Homelessness affects people from many walks of life. A recent study found that one out of 25 Americans have been homeless sometime in their lives. Tales of how people became homeless and what their lives have been like since they have become homeless are often disheartening and complex. As illustrated in Tammy Kling’s Narrative Matters essay in the May issue of Health Affairs, “Dave Didn’t Have To Die: On Health Care For Homeless Patients,” many people who are homeless have major medical, mental health, and social needs. Dave is not an anomaly: People who are homeless die sooner than their housed counterparts, with studies showing age-adjusted mortality rates many-fold higher for people who are homeless than for those who are not.

The issue of health care for people who are homeless is complex, and in some ways even paradoxical. On the one hand, people who are homeless tend to use the health care system—and especially acute care such as that provided in the emergency department—more than average. On the other hand, people who are homeless still have higher-than-average unmet health needs. There are a multitude of different reasons for this and no simple solutions. External factors such as lack of truly accessible health care options are combined with internal factors such as mental illness and cognitive impairment, with different problems for different individuals. Many of the problems that lead people to become homeless can also be the reasons why they do not receive adequate health care. To compound this complicated picture, health care for people who are homeless varies widely across states and localities. States that have expanded Medicaid have much lower proportions of homeless individuals who are uninsured. A previous study published in Health Affairs found that the Medicaid expansion could provide health care coverage to many homeless individuals and may result in overall cost savings for states, since the Medicaid expansion is funded by federal dollars.

Certainly, improving the delivery of health care services to people who are homeless is important. Studies have shown that health care services integrated with housing and social services are the best comprehensive way to address the needs of homeless populations. Providing a “one-stop shop” enhances access to care but requires a multidisciplinary team of providers and consistent outreach efforts. Kling recommends mobile health care as one solution, which already exists in locales throughout the United States.

But simply improving health care services for people who are homeless tacks Band-Aids onto a problem rather than solving it. The single best way to improve the health of people who are homeless overall is to end homelessness. Therefore, our efforts should focus on ending homelessness. Already there are notable examples of how health care systems have worked toward solutions for homelessness. The Veterans Health Administration (VHA) is perhaps the best example. VHA clinics universally screen for homelessness and link homeless and at-risk patients with robust resources that include housing supports and other services. These efforts have contributed to reductions in veteran homelessness over the past several years. Outside the VHA system, some hospitals have funded medical respite programs that care for people who are homeless and too sick to be in shelters or on the streets, yet not sick enough to need a hospital bed; ideally such programs help people connect with supportive housing to break the cycle of homelessness. Health care systems, including Medicaid in New York, have even invested in supportive housing for high-cost patients who are homeless.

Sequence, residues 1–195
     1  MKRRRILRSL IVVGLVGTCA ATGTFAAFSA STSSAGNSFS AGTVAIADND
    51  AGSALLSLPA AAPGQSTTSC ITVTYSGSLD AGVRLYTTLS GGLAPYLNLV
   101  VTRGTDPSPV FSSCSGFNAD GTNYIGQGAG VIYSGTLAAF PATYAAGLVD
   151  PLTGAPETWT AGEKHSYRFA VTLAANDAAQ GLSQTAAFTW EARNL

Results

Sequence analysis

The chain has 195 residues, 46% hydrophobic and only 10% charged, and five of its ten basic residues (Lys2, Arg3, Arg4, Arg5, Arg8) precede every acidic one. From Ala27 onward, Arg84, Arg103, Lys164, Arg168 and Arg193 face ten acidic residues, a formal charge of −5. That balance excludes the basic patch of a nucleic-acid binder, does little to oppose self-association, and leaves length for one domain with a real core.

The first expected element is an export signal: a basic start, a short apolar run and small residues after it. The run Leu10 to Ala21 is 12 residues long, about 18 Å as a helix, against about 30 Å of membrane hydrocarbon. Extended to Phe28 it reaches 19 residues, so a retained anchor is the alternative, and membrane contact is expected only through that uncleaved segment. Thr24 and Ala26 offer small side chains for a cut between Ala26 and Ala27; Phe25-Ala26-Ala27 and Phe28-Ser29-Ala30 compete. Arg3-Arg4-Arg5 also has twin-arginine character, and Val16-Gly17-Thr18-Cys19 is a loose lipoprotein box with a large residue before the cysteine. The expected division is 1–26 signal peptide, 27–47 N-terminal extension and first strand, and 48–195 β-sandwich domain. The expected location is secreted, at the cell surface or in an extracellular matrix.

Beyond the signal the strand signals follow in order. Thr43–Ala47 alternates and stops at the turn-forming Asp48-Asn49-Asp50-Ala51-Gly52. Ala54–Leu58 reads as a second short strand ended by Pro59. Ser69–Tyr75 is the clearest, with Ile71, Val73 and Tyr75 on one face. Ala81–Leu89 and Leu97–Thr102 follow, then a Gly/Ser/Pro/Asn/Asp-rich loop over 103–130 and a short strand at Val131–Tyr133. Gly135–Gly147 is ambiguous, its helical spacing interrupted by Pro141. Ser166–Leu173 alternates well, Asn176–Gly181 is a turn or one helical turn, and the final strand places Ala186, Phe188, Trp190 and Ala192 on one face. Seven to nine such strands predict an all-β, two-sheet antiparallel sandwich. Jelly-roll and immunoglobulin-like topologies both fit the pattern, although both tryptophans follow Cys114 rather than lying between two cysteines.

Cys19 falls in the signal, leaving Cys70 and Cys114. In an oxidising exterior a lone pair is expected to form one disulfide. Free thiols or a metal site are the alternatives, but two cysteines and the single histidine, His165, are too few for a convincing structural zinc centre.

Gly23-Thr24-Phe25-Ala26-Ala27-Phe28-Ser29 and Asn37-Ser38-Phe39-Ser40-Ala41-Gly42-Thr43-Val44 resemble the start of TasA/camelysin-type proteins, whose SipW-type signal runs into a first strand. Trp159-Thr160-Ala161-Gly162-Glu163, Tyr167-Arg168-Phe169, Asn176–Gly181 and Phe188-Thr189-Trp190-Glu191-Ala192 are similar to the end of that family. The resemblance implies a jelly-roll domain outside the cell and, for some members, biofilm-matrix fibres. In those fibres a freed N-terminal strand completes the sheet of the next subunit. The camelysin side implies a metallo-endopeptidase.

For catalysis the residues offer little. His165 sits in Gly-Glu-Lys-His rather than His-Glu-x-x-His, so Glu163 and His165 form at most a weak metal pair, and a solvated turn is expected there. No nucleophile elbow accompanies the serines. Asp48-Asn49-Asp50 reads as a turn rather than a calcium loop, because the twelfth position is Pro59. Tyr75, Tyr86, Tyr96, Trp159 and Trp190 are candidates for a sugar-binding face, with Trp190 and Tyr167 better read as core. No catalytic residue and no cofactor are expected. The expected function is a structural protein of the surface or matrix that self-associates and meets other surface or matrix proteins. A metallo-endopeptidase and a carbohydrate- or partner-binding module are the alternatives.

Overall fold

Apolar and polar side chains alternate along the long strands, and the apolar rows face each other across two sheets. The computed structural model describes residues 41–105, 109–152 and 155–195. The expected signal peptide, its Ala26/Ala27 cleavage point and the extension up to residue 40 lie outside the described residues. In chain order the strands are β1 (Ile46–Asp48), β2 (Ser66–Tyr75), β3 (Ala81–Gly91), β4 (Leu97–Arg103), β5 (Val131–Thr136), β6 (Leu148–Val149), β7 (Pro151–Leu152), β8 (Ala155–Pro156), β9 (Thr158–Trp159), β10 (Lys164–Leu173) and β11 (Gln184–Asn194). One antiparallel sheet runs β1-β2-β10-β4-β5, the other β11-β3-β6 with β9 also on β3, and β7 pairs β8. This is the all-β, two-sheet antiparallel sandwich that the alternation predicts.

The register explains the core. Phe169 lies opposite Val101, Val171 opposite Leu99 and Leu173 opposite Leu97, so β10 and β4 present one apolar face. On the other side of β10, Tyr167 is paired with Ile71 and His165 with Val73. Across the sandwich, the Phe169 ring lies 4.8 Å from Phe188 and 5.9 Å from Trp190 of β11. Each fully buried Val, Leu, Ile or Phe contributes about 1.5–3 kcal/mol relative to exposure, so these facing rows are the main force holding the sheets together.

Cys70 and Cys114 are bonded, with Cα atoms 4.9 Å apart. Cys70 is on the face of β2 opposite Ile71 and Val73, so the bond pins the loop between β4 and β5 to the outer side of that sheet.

Ending homelessness may become an increasingly difficult task, as the Trump administration has proposed substantial budget cuts to several federal agencies, including the Department of Housing and Urban Development, as well as proposing to eliminate the United States Interagency Council on Homelessness. Homeless service organizations and the country at large may have to prepare for alternative solutions. As the Narrative Matters piece described, there are volunteers working in shelters, soup kitchens, homeless clinics, and other service sites throughout the country every day. We need more good Samaritans such as Kling—they can make a difference in improving the lives of individuals who are homeless—but to solve the issue of homelessness, we need more than individual volunteers.

There are corporate sponsors and philanthropic foundations dedicated to the cause of helping those who are homeless, and they should be called upon to assist. Other creative ideas should be encouraged. For example, many homeless individuals have “natural supports,” which include friends, family, neighbors, sympathetic landlords, and other people who may be enabled to provide support. This past winter, New York City’s Department of Homeless Services offered people money to house their homeless friends and family as a way to divert costs from the expensive shelter system and to encourage the use of natural supports. Although such natural supports may wear thin over time, there may be creative ways that nonprofits or government organizations could “support the supporters” to keep these ties viable as long as possible. With potential federal funding cuts, the health care system’s role in ending homelessness may also become increasingly important.

Homelessness remains a pervasive and pernicious problem that affects many Americans. The Narrative Matters piece reminds us of the humanity of those who are homeless and the people who are dedicated to helping them, but also of the necessity for broader solutions and the potential roles that the health care system could play in those efforts.